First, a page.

I was born organized, neat, and tidy. And while I enjoy a comfy cozy environment, I am more minimalistic than others living in my house. My mother tells stories of how, as a small child, I would precisely arrange my toys on my shelf. Heaven forbid if she helped to put them away and placed them in the wrong spot. A closet with evenly spaced hangers and clothes arranged by sleeve length and color calms my soul. And I have never “lost” a sock in the laundry.
My tendencies influence my reading and writing preferences. Flowery work makes my eyes glaze. I get disoriented, overwhelmed by the superfluous words swirling in my head, and I miss the story’s point. Vocabulary and etymology are a passion, which helps enrich and expand the nuances of a tale. There is a fine line between using a rich word, and a pretentious one. When in doubt, I force myself to opt for the simpler and more accessible option.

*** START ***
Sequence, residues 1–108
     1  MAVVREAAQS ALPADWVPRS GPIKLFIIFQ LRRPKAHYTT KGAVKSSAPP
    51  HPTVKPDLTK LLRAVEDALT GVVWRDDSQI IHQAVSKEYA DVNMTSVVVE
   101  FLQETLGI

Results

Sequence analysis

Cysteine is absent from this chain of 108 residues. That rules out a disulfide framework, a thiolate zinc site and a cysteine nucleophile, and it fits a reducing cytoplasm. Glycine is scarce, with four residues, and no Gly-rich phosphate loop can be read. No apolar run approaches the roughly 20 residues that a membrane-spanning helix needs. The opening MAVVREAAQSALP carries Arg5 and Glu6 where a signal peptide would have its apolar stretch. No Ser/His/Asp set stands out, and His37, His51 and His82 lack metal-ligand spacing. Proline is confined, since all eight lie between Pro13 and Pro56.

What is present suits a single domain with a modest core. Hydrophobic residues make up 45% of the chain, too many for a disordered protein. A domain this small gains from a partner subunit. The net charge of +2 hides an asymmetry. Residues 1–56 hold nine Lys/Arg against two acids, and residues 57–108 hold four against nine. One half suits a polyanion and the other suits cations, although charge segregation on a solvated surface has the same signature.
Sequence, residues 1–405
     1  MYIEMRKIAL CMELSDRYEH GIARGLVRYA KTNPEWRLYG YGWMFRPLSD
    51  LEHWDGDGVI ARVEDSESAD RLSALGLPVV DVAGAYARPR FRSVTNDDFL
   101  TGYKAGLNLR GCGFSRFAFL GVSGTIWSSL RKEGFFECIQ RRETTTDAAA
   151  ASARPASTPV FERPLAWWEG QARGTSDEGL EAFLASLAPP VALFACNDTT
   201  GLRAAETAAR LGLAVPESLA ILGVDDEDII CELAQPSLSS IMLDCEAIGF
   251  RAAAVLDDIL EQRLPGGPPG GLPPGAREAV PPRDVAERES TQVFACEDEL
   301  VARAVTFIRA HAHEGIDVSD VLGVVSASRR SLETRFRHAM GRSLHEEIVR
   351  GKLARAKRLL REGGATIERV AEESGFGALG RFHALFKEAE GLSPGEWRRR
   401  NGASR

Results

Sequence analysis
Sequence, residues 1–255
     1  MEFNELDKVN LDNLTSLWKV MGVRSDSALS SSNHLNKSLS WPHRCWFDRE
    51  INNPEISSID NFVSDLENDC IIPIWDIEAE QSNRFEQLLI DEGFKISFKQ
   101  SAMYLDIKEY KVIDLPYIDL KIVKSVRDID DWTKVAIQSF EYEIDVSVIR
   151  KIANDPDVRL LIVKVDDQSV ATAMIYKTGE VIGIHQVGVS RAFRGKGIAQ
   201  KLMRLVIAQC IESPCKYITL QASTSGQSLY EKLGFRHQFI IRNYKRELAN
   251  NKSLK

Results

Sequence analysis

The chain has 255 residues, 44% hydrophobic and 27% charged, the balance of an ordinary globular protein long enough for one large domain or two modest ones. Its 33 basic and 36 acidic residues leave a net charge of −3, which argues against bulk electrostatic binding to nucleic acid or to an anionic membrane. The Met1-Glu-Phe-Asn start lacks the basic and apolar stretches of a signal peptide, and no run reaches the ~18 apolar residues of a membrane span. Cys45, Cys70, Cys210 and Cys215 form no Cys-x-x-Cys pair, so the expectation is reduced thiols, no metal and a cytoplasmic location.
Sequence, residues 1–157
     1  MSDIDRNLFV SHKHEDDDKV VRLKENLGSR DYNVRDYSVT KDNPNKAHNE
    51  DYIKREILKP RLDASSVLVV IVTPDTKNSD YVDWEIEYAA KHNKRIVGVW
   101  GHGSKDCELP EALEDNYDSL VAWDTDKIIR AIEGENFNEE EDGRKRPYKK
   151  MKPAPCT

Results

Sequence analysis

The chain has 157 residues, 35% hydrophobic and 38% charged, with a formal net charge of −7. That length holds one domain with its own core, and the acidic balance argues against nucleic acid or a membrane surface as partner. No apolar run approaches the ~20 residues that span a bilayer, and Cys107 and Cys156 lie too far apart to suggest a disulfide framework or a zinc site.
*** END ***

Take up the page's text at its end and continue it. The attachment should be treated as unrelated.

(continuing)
The economy of words, lets the story sing and gives the reader space for their imagination. In a month dedicated to accumulating 50,000 words, it is tempting to add fillers, unnecessary words, sentences, paragraphs, and tangents to reach the goal. The frantic pace can lead to excesses, and I challenge you to pause and consider how to best serve your novel.
Where are you on the minimalist scale?
Keep on writing.
Jo Hawk The Writer